No matter what you think of the quality of his work, there is one undeniably charming element to the career Italian trash-flick auteur Bruno Mattei: he never gave up on his cinematic dreams. Like Ed Wood Jr., this guy was committed to the art of storytelling and kept chasing his singular, demented vision of cinema throughout his life. In fact, he kept making films up until his death in 2007. One of the last was Island Of The Living Dead: it’s as braindead as the zombies that run amuck in it but it’s every bit as full of oddball personality as the rest of the Mattei oeuvre.
The plot is oddly ambitious in its setup: a prologue depicts an island settlement being destroyed by voodoo-induced zombies. Some years later, a hapless group of treasure hunters happen on the island after a mysterious storm damages their ship. They wander onto the island and find an amazing treasure hidden in the settlement. They also find a gaggle of flesh eating zombies. Cue an array of cut-rate undead hijinks spiced up with dashes of Mattei weirdness.
If you’re not familiar with Bruno Mattei’s work, here’s the basic elements you can expect: a dopey and derivative script, turtle-speed pacing, performances that range from lunatic to somnabulistic and an overall aesthetic that suggests people from Bizarro World trying to make a Hollywood film. The screenplay manages to filch scenes from Night Of The Living Dead, Zombie and even Mattei’s own Hell Of The Living Dead while also throwing in unexpected elements like a subplot with ghosts, an undead flamenco dancer and one crew member attacking a zombie with kung-fu moves.
Your level of interest in Island Of The Living Dead will depend on your love of bad filmmaking. However, if you rate your trash by personality and weirdness, this film delivers it by the bucketload. If you can appreciate bad filmmaking as a form of outside art, it’s hard to not have some level of respect for the amount of goofball fun that Mattei seems to be having as he cranks out his quickie dreams.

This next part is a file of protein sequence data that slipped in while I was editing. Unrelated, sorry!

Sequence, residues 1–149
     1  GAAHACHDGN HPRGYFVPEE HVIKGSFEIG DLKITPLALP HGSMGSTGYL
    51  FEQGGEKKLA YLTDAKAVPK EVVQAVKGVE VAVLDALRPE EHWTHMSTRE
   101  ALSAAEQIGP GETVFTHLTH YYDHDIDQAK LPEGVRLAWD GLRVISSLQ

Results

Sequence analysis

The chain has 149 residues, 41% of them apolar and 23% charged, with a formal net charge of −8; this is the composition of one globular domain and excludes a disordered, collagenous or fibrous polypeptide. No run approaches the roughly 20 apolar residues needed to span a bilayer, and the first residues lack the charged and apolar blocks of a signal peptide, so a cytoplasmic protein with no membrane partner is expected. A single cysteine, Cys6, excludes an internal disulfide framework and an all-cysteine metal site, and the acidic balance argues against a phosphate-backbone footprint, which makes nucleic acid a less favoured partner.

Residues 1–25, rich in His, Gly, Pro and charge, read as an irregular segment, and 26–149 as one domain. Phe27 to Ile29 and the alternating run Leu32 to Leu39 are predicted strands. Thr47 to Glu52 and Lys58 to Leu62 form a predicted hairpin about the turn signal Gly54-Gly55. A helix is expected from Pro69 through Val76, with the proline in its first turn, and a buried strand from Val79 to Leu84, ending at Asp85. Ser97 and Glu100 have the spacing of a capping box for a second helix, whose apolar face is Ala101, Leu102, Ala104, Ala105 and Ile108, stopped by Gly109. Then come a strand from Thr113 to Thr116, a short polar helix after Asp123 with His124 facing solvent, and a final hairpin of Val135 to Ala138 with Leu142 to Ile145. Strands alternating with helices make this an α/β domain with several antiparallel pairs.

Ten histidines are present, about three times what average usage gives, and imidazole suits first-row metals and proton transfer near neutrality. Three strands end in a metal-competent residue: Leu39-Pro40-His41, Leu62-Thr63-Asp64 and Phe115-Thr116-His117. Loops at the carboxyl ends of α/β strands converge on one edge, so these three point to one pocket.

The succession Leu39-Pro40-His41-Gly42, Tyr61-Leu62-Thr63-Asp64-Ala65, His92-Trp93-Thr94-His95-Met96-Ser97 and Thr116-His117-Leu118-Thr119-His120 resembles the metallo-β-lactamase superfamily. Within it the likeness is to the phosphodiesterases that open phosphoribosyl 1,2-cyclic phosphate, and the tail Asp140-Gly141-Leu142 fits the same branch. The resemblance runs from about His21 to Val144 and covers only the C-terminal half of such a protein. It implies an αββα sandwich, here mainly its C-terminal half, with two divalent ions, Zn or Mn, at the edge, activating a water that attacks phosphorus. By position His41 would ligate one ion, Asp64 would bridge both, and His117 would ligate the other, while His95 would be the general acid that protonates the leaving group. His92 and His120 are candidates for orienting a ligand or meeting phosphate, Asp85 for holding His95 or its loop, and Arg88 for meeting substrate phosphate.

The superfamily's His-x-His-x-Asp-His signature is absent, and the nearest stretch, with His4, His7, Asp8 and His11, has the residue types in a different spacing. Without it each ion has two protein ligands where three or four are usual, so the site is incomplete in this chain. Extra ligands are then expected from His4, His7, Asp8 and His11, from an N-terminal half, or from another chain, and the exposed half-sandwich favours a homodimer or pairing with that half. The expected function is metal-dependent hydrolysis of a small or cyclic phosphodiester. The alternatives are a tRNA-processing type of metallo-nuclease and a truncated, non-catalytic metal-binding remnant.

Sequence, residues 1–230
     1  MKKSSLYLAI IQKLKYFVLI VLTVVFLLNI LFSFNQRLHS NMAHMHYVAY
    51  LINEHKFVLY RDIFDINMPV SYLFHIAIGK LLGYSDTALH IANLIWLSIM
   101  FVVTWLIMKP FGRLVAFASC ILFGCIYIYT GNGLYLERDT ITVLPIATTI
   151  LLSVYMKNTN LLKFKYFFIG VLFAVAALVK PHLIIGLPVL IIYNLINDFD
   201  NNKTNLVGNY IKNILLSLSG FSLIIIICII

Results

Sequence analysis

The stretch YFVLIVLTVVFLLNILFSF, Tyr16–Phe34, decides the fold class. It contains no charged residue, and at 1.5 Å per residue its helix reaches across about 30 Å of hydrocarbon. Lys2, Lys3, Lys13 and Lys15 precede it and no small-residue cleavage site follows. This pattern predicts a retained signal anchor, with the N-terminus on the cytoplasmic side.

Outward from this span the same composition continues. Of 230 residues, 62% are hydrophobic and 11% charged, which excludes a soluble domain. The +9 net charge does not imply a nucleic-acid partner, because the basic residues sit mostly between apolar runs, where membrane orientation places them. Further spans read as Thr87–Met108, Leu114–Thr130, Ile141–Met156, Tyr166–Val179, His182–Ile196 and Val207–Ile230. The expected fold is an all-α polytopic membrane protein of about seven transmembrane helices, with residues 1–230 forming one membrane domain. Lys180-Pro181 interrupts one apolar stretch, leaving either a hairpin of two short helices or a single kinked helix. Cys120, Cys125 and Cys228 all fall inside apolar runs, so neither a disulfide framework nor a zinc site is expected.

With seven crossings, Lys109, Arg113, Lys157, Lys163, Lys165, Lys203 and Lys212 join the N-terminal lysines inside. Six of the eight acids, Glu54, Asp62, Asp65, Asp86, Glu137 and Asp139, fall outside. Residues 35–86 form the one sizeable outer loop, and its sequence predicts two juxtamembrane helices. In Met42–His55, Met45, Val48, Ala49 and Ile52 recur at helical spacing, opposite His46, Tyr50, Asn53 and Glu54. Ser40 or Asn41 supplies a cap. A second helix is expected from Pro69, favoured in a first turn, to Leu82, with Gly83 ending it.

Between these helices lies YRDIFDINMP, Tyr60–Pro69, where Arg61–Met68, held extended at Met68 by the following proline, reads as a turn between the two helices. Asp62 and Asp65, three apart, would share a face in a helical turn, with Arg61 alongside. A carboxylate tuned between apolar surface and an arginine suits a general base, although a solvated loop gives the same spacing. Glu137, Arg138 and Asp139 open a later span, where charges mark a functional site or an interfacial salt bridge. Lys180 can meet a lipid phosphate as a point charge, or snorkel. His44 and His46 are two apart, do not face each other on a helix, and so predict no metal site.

DVD Notes: Island Of The Living Dead just got it’s U.S. release on disc from Intervision Picture Corp. The anamorphic transfer does well by the cheap-o video cinematography and the stereo soundtrack captures every goofy, hastily-mixed element of the post-synched soundtrack. In terms of extras, you get a trailer and a promo reel (basically a longer trailer) that are as splat-happy and demented as the film itself.
However, the big extra here is an 18-minute chat with producer Gianni Paolucci and screenwriter Antonio Tentori. Both express great fondness for Mattei, who was apparently humble and paternalistic to his collaborators, but freely admit how Mattei would outright steal elements of films he liked. It offers a nice little window into what Italian genre filmmaking was like after the bottom dropped out of the film market: the participants might be a little deluded about the quality of their work but their fondness for it will warm a schlock fiend’s heart.